Wedding photography packages – Making sense of it all!


Something I'm often asked by my wedding planning clients is, "How do I choose a photographer?” I often hear, “They all seem to offer different combinations of packages and services and it’s confusing."

Because photography is such an essential part of the wedding, and also a large part of the stress in initial planning, I wanted offer a quick rundown of my method for comparing apples to apples in the photography world.

I’m not going to cover artistic styles in this post. It’s of first importance to choose a photographer with whom you feel a connection, and one with whom you’ll be comfortable under their gaze the entire wedding day. But let’s assume you’ve found several photographers whose shooting style, artistic eye, and personality you really like. Now it’s time to select.

In my opinion, there are three “must-haves” to a photography package:

1.  Coverage time and personnel.

Most photographers offer packages ranging from six hours to unlimited time.  Some will add or include the rehearsal dinner and other events surrounding the wedding. You need to look at your schedule of the day to decide what exactly you want the photographer to cover.  I find that a minimum of eight hours works for many of our clients, and allows them to have the photographer from the end of getting ready time through to the toasts, cake cutting, and the first part of dancing. However, if you want more getting ready coverage, have multiple events such as related ceremonies or rituals (such as a morning Chinese tea ceremony before a afternoon Western wedding), or want to have formal photos taken at several locations, eight hours may not be enough.  Definitely look closely at your needs and timeline.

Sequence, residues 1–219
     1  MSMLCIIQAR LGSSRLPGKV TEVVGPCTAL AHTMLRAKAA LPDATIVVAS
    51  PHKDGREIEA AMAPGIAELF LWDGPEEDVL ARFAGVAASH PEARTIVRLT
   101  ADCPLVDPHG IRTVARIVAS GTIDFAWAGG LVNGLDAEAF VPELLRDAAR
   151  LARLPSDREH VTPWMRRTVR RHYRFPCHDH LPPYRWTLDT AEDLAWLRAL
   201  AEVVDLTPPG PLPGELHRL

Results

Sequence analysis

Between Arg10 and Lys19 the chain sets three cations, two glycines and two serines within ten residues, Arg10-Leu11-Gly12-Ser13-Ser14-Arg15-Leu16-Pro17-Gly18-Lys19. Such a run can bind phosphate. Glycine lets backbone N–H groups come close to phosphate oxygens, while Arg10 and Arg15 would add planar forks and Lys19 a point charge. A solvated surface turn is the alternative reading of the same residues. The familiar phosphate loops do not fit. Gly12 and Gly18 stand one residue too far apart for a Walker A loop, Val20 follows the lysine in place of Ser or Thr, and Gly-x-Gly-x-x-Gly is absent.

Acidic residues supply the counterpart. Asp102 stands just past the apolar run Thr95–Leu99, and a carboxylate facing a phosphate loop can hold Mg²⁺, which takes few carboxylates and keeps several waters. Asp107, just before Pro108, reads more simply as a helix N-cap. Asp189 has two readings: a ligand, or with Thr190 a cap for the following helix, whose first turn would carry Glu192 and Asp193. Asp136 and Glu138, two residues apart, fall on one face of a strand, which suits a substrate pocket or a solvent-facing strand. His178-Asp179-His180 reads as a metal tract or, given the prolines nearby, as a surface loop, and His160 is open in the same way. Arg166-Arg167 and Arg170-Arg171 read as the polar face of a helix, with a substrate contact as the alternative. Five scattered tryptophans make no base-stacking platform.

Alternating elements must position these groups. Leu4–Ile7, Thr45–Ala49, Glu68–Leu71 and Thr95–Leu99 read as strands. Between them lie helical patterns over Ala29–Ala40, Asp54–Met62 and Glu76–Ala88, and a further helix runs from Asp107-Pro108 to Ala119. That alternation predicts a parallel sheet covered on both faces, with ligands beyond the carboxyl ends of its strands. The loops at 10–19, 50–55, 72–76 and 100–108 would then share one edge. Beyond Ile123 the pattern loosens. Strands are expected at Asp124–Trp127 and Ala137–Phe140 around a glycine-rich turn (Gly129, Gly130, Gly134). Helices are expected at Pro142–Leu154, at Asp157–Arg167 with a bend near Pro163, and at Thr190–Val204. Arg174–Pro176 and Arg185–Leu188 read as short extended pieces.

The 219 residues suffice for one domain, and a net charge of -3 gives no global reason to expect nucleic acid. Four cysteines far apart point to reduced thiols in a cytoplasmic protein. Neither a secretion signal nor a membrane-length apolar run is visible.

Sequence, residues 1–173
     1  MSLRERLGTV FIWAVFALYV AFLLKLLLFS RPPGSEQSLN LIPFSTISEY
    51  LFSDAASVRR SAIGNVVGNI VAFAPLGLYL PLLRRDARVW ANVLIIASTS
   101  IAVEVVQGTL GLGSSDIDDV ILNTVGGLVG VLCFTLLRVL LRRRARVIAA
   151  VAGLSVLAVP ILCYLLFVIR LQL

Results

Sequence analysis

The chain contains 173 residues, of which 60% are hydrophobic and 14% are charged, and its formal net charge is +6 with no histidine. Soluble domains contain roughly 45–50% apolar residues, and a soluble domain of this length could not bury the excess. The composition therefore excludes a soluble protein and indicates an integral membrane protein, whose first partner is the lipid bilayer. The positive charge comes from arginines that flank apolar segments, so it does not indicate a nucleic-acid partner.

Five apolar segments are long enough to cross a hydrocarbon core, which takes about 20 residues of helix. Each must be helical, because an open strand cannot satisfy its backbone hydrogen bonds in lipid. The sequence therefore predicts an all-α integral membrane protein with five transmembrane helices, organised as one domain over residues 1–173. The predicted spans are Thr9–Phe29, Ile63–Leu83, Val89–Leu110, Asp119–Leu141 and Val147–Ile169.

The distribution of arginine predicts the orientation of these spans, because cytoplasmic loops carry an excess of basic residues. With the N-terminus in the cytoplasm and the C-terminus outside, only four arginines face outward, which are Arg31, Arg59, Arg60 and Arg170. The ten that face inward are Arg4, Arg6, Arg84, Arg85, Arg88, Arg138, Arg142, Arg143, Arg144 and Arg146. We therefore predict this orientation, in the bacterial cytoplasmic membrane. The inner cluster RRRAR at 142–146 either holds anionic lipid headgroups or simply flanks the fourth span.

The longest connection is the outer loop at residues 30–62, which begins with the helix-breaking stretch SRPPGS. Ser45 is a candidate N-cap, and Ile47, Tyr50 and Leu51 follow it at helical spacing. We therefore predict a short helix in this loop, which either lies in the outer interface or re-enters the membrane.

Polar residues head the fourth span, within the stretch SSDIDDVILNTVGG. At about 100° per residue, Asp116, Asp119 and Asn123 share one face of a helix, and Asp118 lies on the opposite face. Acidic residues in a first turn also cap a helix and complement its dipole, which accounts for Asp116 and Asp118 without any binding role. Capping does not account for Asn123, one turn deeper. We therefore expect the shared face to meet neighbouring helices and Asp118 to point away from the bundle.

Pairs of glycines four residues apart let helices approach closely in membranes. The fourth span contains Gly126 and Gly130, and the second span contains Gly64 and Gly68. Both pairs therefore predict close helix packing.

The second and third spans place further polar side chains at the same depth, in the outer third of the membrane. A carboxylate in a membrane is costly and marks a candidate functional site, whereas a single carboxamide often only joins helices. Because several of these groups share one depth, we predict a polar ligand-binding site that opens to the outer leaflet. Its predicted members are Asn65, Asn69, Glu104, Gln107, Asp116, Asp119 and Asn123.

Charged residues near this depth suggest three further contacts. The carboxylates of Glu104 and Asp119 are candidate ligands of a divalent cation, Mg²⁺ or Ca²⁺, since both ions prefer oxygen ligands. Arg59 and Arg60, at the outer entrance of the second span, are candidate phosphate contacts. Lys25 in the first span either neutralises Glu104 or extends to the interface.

Photographers also offer additional photography staff ("second shooters").  This is different from a photographer's assistant, who carries and sets up equipment for the photographer, takes lightmeter readings, and performs other tasks, but who may not actually be taking photos. Do ask what the role of any additional staff will be. For many of our clients with elaborate events or multiple locations, a second shooter is essential in order to get the detail shots, as well as alternate angles and takes on the key moments.

Photo: Portland Wedding Photographer, Evrim Icoz

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